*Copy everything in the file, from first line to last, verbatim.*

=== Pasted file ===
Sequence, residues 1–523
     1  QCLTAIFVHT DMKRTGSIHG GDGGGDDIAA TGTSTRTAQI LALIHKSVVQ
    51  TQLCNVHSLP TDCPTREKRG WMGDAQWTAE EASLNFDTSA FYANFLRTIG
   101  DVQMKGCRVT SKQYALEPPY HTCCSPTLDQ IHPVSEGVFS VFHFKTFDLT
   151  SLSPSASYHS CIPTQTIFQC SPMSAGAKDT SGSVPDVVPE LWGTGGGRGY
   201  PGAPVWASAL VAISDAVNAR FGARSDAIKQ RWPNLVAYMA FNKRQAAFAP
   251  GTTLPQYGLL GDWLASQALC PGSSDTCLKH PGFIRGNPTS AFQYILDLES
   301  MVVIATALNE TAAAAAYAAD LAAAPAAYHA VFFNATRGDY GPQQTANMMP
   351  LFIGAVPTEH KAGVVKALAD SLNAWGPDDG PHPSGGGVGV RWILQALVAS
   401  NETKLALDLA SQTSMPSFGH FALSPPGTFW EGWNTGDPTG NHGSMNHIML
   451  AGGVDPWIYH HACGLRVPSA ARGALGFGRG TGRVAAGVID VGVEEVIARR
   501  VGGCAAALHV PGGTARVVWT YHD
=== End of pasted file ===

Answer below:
Sequence, residues 1–523
     1  QCLTAIFVHT DMKRTGSIHG GDGGGDDIAA TGTSTRTAQI LALIHKSVVQ
    51  TQLCNVHSLP TDCPTREKRG WMGDAQWTAE EASLNFDTSA FYANFLRTIG
   101  DVQMKGCRVT SKQYALEPPY HTCCSPTLDQ IHPVSEGVFS VFHFKTFDLT
   151  SLSPSASYHS CIPTQTIFQC SPMSAGAKDT SGSVPDVVPE LWGTGGGRGY
   201  PGAPVWASAL VAISDAVNAR FGARSDAIKQ RWPNLVAYMA FNKRQAAFAP
   251  GTTLPQYGLL GDWLASQALC PGSSDTCLKH PGFIRGNPTS AFQYILDLES
   301  MVVIATALNE TAAAAAYAAD LAAAPAAYHA VFFNATRGDY GPQQTANMMP
   351  LFIGAVPTEH KAGVVKALAD SLNAWGPDDG PHPSGGGVGV RWILQALVAS
   401  NETKLALDLA SQTSMPSFGH FALSPPGTFW EGWNTGDPTG NHGSMNHIML
   451  AGGVDPWIYH HACGLRVPSA ARGALGFGRG TGRVAAGVID VGVEEVIARR
   501  VGGCAAALHV PGGTARVVWT YHD